Lancashire firms must focus to beat the recruitment drought

A top business awards’ judge has said Lancashire firms must focus to retain staff and beat the recruitment drought.

By Tim Gavell
Tuesday, 21st June 2022, 4:55 am

The latest figures from the Office for National Statistics showed unemployment at just 3.8 per cent among those aged 16 and over between February and April 2022, marking a fifty year low.

They also said the number of job vacancies were at a record high of 1.3 million, up more than 500,000 on pre-pandemic levels.

Louise Doswell, principal and chief executive of Preston College, sponsors of the Employer of the Year category in this year’s Be Inspired Business Awards, the BIBAs, said the figures were encouraging but point to a need for businesses to invest more in retaining existing staff.

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She said: “Employers report that it’s getting harder and harder to find the right number of quality candidates for roles they’re recruiting, partly because unemployment levels are so high.

“They’re also having to compete harder to attract the candidates that are available, and risk their existing employees being poached.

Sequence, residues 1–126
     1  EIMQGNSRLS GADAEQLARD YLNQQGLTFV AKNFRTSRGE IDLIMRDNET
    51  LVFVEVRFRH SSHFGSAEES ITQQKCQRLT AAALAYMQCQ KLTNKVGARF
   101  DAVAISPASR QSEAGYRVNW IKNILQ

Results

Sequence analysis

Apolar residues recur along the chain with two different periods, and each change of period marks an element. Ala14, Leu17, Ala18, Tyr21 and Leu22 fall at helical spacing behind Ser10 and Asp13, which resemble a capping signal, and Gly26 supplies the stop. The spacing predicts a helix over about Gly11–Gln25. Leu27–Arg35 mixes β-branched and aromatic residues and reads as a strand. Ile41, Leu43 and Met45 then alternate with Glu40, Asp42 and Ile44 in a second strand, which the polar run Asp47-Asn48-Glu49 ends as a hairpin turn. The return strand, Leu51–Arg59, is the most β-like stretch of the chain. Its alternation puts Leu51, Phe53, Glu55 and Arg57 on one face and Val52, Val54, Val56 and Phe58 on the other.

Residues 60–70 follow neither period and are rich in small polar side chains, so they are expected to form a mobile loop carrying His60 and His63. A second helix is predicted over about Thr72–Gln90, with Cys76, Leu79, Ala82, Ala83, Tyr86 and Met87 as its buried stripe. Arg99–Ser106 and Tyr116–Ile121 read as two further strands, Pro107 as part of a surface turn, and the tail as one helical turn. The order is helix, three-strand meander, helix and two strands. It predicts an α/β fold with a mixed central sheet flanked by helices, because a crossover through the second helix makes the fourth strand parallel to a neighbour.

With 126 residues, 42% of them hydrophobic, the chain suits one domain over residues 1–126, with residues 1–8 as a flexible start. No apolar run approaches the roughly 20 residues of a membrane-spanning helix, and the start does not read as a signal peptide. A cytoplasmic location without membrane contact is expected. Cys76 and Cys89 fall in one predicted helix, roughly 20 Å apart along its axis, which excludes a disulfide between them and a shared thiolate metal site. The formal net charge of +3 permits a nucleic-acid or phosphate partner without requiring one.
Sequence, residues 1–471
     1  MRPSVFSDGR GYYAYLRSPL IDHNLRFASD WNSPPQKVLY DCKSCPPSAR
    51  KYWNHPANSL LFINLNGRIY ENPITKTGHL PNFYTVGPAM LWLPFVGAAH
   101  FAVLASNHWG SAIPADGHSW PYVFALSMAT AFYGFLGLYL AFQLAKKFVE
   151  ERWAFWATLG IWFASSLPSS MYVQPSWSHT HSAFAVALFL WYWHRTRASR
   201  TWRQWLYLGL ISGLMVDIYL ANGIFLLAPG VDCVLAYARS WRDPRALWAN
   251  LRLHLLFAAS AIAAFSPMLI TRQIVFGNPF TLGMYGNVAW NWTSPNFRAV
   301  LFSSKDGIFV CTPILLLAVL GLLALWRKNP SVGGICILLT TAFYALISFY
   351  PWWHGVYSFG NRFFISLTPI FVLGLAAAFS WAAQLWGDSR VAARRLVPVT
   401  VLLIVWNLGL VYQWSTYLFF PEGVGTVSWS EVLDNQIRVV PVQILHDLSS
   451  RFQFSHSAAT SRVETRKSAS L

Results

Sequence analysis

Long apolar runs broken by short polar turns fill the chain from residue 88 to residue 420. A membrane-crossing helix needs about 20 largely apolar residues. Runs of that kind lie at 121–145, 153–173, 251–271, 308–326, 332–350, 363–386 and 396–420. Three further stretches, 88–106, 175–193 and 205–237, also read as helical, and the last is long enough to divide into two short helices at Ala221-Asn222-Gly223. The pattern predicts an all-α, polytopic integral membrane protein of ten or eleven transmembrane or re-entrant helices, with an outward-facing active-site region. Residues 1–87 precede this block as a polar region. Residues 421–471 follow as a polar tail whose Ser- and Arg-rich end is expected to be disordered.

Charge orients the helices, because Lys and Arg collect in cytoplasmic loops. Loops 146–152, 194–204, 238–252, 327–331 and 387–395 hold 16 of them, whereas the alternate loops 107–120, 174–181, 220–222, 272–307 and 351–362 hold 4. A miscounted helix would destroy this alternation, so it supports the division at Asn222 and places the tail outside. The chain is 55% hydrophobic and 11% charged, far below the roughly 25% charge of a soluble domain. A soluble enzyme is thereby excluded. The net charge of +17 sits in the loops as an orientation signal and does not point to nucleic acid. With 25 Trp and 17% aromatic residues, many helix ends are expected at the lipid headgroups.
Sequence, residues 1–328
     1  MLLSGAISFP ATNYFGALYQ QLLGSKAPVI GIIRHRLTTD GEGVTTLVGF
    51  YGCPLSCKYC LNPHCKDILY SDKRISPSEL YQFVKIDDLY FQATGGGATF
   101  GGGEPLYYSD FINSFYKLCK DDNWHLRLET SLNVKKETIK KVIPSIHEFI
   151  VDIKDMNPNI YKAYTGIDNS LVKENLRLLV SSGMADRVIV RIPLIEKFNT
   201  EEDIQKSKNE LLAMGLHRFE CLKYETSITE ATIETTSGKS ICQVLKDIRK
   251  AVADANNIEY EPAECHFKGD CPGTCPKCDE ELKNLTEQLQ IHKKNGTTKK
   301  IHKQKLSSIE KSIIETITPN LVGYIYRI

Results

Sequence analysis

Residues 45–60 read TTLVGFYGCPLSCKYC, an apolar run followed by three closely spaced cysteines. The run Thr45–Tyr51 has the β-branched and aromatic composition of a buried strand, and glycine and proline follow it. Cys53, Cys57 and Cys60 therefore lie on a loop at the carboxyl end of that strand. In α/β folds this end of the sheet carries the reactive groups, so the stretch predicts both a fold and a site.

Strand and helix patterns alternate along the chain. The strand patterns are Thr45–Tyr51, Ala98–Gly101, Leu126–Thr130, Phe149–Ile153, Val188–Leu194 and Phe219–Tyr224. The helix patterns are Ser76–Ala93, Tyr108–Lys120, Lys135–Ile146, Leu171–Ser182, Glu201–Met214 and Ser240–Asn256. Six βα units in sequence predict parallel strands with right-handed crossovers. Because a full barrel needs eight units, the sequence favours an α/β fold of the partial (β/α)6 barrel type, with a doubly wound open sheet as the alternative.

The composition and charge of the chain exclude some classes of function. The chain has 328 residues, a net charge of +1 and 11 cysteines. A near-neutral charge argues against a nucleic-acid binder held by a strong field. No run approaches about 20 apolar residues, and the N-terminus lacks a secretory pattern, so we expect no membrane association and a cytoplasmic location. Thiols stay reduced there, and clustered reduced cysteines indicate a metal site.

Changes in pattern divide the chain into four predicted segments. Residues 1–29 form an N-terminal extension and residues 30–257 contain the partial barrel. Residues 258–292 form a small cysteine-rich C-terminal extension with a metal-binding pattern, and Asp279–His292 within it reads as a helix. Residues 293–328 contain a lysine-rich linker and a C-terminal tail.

“Given these conditions, the best thing businesses can do right now is to focus more attention on creating a working environment and culture that means existing staff want to stay, while also investing in the personal and professional development of their people.”

Louise Doswell Principal and chief executive of Preston's College

According to the Labour Market Outlook for Spring 2022 published by the Chartered Institute of Personnel and Development in May, 45 per cent of firms report that they have hard-to-fill vacancies.

It said the most common response to hiring difficulties has been to raise pay (44 per cent of businesses surveyed). But it also noted that 39 per cent of employers reported having focused on upskilling more existing staff as another means of tackling their staffing challenges.

Louise Doswell said: “This week, we conclude the judging in the Employer of the Year category of the BIBAs. We’ve already had a glimpse of what some of the entrants have been doing to deserve this award, and it will be interesting to see what the remaining hopefuls have been up to.”

To judge entries, the BIBAs use a benchmarking criteria developed by Lancaster University Management School following a research project that aligned the BIBAs judging process with America’s top business awards, The Stevies, the European Business Awards, and the Queen’s Awards for Enterprise here in the UK.